We haven’t been spoiled with a lot of sun this summer but last weekend I went out to hunt some bugs and the sun decided to join me and give my light some extra quality.
Before this weekend, if the sun had been out while I was bug hunting, it had been during the middle of the day when the light is rather top down. This time I went out a bit earlier and got some nice, warm, directional light. In the first shot to the left here you can see the light in full action. Even if I was using flash I still wanted to utilize the sun so I positioned myself with the bug between the sun and the camera. I like the crosslight that this gives us, the critter gets a nice sort of glow from the backlight and then the flash acts as fill to bring out the details. This isn’t my favourite shot of the day but it shows off the light the best.
This ant was also a victim of good light – I’m normally not that interested in ants since they’re rather small (you really need to view the larger version of the picture) but I quite liked the texture of this tree stub they were running around on. The light is the same as in the first shot: sun as back light and flash as fill. I have to say that I rather like the result as far as the light goes. This is something I definitely have to pay more attention to in the future. After seeing the light, so to speak (yeah, that was very cheap, sorry), it might even be worth the effort to get up for more early morning bug hunts…though I’m certainly stretching the imagination here.
One problem with ants is that they tend to be on the move most of the time so in order to get this shot I had to be a bit threatening with the lens so he would stop and growl at me. I’m sure he growled, he just did it very very quietly. However, one of the good things about ants is that you always know where to find them and you also know that you’ll find a lot of them, perhaps a bit too many sometimes. The next bug I found was one I didn’t know was there but it helped me out by announcing itself.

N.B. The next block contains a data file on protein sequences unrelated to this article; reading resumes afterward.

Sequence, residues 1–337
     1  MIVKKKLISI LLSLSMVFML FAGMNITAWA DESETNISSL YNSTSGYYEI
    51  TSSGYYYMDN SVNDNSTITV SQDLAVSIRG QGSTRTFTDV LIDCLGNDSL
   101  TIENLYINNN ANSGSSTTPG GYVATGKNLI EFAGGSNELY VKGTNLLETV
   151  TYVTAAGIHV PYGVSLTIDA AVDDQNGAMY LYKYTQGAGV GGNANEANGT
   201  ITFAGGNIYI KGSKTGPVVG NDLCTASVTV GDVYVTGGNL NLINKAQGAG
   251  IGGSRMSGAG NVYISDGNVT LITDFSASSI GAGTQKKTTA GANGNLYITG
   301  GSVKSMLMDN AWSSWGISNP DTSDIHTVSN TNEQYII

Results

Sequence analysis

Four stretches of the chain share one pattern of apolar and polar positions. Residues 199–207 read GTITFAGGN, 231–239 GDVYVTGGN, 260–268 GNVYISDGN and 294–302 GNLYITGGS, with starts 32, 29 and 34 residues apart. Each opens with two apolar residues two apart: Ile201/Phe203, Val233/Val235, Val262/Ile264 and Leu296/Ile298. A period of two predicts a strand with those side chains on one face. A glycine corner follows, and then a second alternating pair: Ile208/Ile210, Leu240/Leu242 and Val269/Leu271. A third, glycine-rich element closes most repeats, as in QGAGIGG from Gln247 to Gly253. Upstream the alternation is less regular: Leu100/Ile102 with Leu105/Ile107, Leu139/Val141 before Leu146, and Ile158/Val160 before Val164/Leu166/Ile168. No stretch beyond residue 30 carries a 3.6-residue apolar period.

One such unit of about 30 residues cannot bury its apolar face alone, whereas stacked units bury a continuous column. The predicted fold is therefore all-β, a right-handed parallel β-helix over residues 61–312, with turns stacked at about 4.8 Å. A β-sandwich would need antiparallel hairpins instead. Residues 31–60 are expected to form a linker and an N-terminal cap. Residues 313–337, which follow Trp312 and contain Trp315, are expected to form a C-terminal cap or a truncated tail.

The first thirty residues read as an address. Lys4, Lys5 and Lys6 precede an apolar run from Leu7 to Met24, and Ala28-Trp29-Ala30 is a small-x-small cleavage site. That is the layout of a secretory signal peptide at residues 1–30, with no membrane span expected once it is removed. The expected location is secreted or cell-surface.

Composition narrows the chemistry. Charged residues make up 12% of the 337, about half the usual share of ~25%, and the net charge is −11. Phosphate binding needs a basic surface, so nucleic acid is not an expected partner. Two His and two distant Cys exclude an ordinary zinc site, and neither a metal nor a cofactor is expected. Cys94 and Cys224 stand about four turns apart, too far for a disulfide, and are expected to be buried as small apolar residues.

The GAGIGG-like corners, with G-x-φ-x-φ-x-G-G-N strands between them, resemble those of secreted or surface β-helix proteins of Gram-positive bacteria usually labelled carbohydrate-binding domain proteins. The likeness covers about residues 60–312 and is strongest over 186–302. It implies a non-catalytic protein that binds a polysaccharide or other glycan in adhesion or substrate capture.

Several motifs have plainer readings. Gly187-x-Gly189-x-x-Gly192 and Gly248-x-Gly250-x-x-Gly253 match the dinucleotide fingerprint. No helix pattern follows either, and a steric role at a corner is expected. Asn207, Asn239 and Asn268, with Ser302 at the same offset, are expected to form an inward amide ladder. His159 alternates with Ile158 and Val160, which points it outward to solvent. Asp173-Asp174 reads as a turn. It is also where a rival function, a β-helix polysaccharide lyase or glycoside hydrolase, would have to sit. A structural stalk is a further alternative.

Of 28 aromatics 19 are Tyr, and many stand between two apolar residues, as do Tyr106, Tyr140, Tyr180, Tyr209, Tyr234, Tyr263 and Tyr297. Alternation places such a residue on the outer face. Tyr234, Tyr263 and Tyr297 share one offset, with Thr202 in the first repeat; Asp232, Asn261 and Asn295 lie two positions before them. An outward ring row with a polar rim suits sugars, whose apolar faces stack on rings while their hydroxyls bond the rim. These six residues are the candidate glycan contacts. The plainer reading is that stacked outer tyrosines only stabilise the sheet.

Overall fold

Grasshoppers; I hadn’t seen them around where we live but, as I was on my way to one of my usual spots, I heard their telltale chirping in the tall grass. They’re well camouflaged so if they hadn’t let me know they were there, I would have walked right past them. Another good thing about grasshoppers is that they’re very easy find once you know they’re there; you simply move your hand or foot gently through the grass until you see movement.
I was a bit worried that they wouldn’t sit still but they proved to be quite good posers. The main problem I encountered was that I had to make sure there was no grass between the lens and the little hoppers, since they do like their grass tall and thick (I guess it helps with the hopping or something). The nice sun light helped me out once again and let the flash act as fill to bring out details while the rest of the scene still looked good (the sun was still coming in from behind the critters).
A big surprise to me was the grasshopper’s eyes, I really like them, they remind me gem stones. If the weather permits I’ll have to come back for another photo shoot with these guys.
Lesson of the day: don’t forget to consider all the light that’s available to you. The importance of light can’t be stressed enough, I keep finding that out again and again.